Addiction Experts Are Concerned New Rules For Overdose Antidote Don’t Go Far Enough Amid Crisis

Naloxone has long been a tightly controlled yet life-saving substance. With Health Canada's announcement, things are about to change.

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Jan 15 2016, 6:11pm


A harm reduction worker in Hamilton, Ontario opens a naloxone kit. Photo by Allison Elkin

With the introduction of bootleg fentanyl and an increase in the number of opioids being prescribed, the rate at which overdose deaths in Canada have multiplied, leaving many advocates dumbfoundead. Now, Health Canada is proposing to change the restriction around an overdose antidote that has the ability to save thousands of lives.

In Ontario alone, nearly 5,000 people died from opioid-related overdose between 2000 and 2013—with a 464 percent increase since 2000—and it's estimated that hundreds more have died between then and 2015. Across the country, there have been similar epidemics, such as the fentanyl crisis in Alberta—an ordeal that left 213 people dead from overdose in the province between January and September last year.

According to a press release put out by the Government of Canada yesterday, Health Canada is aware of the growing number of opioid deaths across the country and is now opening a consultation program to reassess the possibility of naloxone—a lifesaving drug that has been used widely by doctors to reverse opiate overdose—being available as an over-the-counter (OTC) medication.

The consultation invites Canadians—both civilians and medical professionals—to input comments and ideas before the close date of March 19, after which the drug will either be allowed for non-prescription use or will remain restricted. The release notes that the current proposal is to proceed with derestriction of the drug.

Currently, access to naloxone is on a prescription-only basis, and many programs that offer it via "take-home" initiatives dispense it in controlled quantities. Most hospitals, while being readily equipped the drug, don't send patients home with it after experiencing an overdose.

Naloxone, an opioid antagonist, essentially works by binding to opioid receptors to reverse and stop an overdose from being fatal. Last month, the Municipal Drug Strategy Coordinators Network of Ontario (MDSCNO) put out a press release calling on the government to take the opiate epidemic more seriously by introducing new harm reduction initiatives and expanding upon existing programs such as naloxone programs.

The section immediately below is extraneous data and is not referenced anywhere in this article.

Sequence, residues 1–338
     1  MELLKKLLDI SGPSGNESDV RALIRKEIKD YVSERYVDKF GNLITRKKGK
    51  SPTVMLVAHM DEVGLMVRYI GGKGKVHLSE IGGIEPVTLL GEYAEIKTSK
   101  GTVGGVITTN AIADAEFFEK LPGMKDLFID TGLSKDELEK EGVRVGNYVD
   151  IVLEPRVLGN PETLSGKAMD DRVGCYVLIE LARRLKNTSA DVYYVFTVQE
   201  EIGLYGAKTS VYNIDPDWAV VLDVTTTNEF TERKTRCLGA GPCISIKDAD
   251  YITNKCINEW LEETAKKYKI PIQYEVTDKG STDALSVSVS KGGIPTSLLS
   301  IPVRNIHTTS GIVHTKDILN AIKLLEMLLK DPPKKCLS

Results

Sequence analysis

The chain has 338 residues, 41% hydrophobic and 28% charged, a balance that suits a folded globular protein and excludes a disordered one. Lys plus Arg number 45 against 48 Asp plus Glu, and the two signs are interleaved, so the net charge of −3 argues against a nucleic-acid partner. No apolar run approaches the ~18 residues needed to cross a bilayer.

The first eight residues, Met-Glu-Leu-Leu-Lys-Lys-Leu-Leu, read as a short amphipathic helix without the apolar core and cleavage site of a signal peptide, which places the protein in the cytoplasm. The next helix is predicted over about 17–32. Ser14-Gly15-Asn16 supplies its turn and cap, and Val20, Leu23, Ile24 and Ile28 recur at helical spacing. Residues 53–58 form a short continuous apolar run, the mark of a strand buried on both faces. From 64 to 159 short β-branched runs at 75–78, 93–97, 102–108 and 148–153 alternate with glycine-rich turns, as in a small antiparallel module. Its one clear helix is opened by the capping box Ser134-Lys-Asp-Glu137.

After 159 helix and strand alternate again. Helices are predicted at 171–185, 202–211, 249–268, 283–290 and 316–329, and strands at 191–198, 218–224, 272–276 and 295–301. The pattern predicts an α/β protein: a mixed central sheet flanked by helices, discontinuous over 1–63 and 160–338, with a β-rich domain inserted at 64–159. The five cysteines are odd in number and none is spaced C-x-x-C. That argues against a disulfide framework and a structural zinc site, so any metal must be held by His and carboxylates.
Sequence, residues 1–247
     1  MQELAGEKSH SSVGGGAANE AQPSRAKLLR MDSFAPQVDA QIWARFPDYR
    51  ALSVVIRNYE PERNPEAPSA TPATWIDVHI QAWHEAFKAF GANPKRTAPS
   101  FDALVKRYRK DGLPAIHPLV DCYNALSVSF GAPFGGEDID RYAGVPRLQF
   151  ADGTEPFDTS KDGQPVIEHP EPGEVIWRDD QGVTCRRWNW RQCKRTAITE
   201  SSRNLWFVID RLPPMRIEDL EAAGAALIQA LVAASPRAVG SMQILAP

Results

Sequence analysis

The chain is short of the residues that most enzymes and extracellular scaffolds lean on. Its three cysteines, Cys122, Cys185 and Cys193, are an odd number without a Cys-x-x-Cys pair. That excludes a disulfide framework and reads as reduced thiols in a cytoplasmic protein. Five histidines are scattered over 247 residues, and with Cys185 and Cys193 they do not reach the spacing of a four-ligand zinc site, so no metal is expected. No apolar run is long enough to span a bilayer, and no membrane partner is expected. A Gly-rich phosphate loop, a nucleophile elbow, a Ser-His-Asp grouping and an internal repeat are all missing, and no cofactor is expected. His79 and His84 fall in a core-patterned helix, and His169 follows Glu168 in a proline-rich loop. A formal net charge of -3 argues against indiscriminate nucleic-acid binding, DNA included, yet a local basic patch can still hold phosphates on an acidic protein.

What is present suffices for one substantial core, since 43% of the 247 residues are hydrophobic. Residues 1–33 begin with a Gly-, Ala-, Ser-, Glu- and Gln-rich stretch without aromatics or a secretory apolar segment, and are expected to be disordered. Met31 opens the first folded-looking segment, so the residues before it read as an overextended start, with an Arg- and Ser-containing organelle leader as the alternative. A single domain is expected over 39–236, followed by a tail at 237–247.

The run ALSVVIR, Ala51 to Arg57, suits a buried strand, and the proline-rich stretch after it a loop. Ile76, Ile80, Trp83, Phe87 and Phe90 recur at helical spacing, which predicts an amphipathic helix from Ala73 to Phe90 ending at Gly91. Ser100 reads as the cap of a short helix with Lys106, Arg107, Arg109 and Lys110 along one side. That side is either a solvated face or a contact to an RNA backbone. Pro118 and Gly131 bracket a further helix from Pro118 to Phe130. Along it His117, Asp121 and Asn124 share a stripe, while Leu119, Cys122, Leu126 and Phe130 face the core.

Michael Parkinson, a spokesperson for MDSCNO, compared the lack of access to naloxone for some going into overdose to not having access to an EpiPen when going into anaphylactic shock, and advocacy groups have widely cited it as one of the critical flaws in addressing the growing number of overdose deaths.

"This is a simple solution that can be implemented easily. There is really no good explanation for not allowing this [medication] to be more widespread," Parkinson told VICE in December.

Parkinson told VICE today that, while he and other advocates are happy about the new perspective on the antidote, he worries that the lack of mention of it being included in a provincial or federal drug plan overlooks the fact that opiates will still be much cheaper for drug users to obtain than the naloxone itself.

"Re-scheduling naloxone is but one step in expanding access. Unlike our American neighbours, no provincial, federal, or veteran's drug benefit plan in Canada covers the cost—approximately $50 retail currently—of naloxone. By comparison, more than 150 opioids are on the Ontario Drug Benefit plan. Until naloxone is supported on drug benefit plans, opioids will continue to be cheaper and easier to obtain," he said.

Wiplove Alexander, an addiction physician at St. Michael's Hospital in Toronto, told VICE that the cost for the drugs are largely an issue due to fact that the formulas created by pharmaceutical companies tend to be extremely pricey. He also adds that the consultation process, which could change Health Canada's decision on derestriction of the medication, should rely largely on existing evidence, rather than on the personal opinions of people.

"I think you have to listen to what everybody says, and even in the long run, in addiction treatment, some of the people who work in the field are pro medication or anti-medication, pro-harm reduction or anti-harm reduction. But I hope there's somebody who is critically appraising the evidence and it's not just based upon personal input of people."

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